“Ordinarily you would use a formula that you are quite used to putting on an exhibition like this,” says Ms McBride, “but for the London exhibition, the Covid backdrop obviously made it much more difficult. . “

She explained: “We couldn’t go to London, we couldn’t see the space, so we had to send colleagues from the Irish Embassy to see the space and measure the space for us.

“Then we had a call on Zoom so we could get a feel for the space,” she added.

However, the planning worked, despite the pandemic, and the impressive British Academy exhibit was a hit for the two weeks it was in place.

“The reason we chose London for the exhibition is that on October 11, 1921, 24 Irish men and women came to London to work, in one form or another, on the negotiations for a peace treaty between the ‘Ireland and the UK at the time,’ admits McBride.

“So we had everyone, including the five plenipotentiaries, who are the negotiators, we also then had the secretariat, made up of officials and secretaries, who were the force behind it in many ways, the women who were there. typing notes and documents at 2 a.m., all over there in London.

“They took two houses while in London, at Hans Place and Cadogan Gardens in Knightsbridge, these were their administrative bases but also their houses for the two months.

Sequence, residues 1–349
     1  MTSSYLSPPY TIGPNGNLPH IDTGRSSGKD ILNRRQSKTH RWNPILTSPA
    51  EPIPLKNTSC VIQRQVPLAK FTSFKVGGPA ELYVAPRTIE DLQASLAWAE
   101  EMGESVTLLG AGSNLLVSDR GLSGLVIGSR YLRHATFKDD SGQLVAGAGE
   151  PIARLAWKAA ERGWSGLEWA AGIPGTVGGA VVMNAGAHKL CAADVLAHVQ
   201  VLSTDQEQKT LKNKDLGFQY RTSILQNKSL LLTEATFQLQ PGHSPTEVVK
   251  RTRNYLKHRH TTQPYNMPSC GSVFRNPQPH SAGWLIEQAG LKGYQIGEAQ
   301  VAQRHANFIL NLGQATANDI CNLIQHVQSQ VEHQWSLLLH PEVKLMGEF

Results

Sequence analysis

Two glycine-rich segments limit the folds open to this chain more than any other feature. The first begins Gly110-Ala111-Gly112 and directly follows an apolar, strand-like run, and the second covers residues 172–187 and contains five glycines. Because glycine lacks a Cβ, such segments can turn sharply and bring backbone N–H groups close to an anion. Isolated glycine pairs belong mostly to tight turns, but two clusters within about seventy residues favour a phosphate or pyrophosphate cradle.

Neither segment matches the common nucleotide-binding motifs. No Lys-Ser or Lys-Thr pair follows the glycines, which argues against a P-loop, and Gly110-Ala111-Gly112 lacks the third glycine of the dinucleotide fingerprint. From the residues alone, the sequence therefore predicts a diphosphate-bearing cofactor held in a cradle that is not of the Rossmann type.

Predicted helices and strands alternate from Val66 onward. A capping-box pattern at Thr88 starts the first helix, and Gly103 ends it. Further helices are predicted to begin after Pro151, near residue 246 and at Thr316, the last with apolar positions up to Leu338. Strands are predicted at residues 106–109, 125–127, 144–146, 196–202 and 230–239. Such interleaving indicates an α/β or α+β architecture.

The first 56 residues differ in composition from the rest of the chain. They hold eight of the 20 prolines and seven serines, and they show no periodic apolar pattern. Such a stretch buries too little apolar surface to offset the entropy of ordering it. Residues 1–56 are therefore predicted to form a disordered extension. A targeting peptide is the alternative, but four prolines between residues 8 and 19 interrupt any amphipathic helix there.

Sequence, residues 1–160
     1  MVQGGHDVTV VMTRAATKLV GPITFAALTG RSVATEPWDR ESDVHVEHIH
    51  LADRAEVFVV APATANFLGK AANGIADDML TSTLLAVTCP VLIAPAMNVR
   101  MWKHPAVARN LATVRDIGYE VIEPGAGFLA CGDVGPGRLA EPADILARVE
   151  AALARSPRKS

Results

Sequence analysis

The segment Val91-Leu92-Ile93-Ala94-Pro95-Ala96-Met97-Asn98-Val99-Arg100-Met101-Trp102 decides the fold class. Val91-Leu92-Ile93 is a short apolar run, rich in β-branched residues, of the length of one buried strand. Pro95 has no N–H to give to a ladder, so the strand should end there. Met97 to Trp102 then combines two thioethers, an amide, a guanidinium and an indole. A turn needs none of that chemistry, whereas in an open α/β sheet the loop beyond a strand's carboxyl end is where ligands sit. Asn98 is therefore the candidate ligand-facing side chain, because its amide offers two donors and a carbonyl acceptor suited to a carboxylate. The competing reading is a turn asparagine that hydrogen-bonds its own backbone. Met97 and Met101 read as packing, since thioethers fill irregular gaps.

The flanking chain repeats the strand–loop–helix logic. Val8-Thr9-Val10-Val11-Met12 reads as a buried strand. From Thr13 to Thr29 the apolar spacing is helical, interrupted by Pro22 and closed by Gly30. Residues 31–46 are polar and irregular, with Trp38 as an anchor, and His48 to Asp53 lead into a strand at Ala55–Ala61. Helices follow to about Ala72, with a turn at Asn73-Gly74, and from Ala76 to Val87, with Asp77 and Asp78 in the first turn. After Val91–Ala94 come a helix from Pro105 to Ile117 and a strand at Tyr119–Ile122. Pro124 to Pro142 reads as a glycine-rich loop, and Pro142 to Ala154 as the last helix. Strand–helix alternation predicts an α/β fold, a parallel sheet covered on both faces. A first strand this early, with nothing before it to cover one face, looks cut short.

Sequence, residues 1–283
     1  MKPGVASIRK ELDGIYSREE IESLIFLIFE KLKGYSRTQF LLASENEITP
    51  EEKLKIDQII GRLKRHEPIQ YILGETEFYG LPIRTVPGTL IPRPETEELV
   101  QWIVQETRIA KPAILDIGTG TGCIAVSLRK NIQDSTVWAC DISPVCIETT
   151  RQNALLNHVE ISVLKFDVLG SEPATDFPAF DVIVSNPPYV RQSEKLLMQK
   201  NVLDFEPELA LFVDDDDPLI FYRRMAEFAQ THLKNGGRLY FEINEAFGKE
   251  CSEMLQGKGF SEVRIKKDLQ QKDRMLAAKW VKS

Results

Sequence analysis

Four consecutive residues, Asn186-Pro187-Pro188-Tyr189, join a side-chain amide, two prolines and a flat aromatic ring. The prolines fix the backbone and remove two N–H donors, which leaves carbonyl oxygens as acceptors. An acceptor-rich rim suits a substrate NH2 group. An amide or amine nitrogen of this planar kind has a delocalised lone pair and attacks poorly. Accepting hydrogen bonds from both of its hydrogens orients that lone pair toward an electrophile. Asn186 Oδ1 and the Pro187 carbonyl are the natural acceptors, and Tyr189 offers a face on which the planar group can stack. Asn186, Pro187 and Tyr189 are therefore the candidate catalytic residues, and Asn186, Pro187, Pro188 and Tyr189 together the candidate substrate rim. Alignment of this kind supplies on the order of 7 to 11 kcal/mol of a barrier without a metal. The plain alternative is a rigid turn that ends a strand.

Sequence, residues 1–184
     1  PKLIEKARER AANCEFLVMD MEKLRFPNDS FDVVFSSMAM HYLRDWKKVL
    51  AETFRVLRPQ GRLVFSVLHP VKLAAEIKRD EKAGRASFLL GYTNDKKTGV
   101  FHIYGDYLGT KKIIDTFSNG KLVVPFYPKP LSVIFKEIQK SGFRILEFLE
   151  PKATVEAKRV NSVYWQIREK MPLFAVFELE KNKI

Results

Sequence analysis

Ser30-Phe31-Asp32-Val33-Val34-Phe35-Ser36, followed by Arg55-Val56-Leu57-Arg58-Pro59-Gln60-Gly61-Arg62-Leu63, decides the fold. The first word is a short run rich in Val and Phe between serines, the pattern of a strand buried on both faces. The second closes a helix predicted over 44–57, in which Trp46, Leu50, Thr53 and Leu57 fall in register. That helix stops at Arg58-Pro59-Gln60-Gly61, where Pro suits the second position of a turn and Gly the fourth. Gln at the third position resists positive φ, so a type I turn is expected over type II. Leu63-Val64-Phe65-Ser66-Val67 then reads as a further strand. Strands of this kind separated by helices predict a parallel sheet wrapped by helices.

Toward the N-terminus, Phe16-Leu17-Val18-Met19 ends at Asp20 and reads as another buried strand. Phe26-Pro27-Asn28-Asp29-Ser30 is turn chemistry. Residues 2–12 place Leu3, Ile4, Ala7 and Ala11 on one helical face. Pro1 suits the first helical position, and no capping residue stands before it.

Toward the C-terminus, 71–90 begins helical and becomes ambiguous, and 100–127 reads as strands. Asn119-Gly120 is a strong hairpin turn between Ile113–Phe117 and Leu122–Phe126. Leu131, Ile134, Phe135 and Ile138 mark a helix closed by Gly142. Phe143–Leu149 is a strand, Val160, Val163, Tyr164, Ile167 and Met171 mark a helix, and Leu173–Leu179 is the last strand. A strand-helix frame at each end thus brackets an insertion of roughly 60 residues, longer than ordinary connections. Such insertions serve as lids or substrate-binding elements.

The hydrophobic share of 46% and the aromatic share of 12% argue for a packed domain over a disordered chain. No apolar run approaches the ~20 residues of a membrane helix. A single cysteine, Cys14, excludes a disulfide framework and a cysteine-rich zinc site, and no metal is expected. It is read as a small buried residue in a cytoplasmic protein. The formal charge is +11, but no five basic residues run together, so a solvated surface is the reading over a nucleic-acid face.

“So you also had those running the houses here – they had security, servants, cooks, etc.

“It was an extremely important job that they all had to do,” adds McBride.

“But the magnitude of the moment must have been important enough for them and what we wanted to do was bring the audience some recordings that would show what those two months were like.

“So in the exhibition we have official documents, government documents, memos, we have draft treaties, we have the treaty itself, but we also have documents relating to the daily life of the Irish delegation that was in London – the food they bought, their expenses, car rentals etc.

“We really wanted to give a feel for the color, the flavor and the full experience of all the men and women who came to London 100 years ago.”

Irish negotiator Michael Collins in London during talks

As a result, the exhibition provides both political and social context to the treaty negotiations and to the Irish men and women who supported it in London.

“We wanted people to understand the context and not see the treaty in the abstract,” says McBride.

“We want them to not only see it as a peace treaty between two nations, but to understand that in fact, in 1921, you had not made the round trip between the cities, the eyes red in the morning and return the following evening. The Irish delegation had to come and live here.

“They would take the postal boat back and forth from Ireland to London every two weeks because they were also part of the government in Ireland, so they had roles to play there as well.

“It was very important for us to give people all the experience of what the negotiation of the treaty entailed, it was not just the meetings in Downing Street or the house of Winston Churchill, it was also what s ‘happened when they were back at Hans Place or Cadogan Gardens.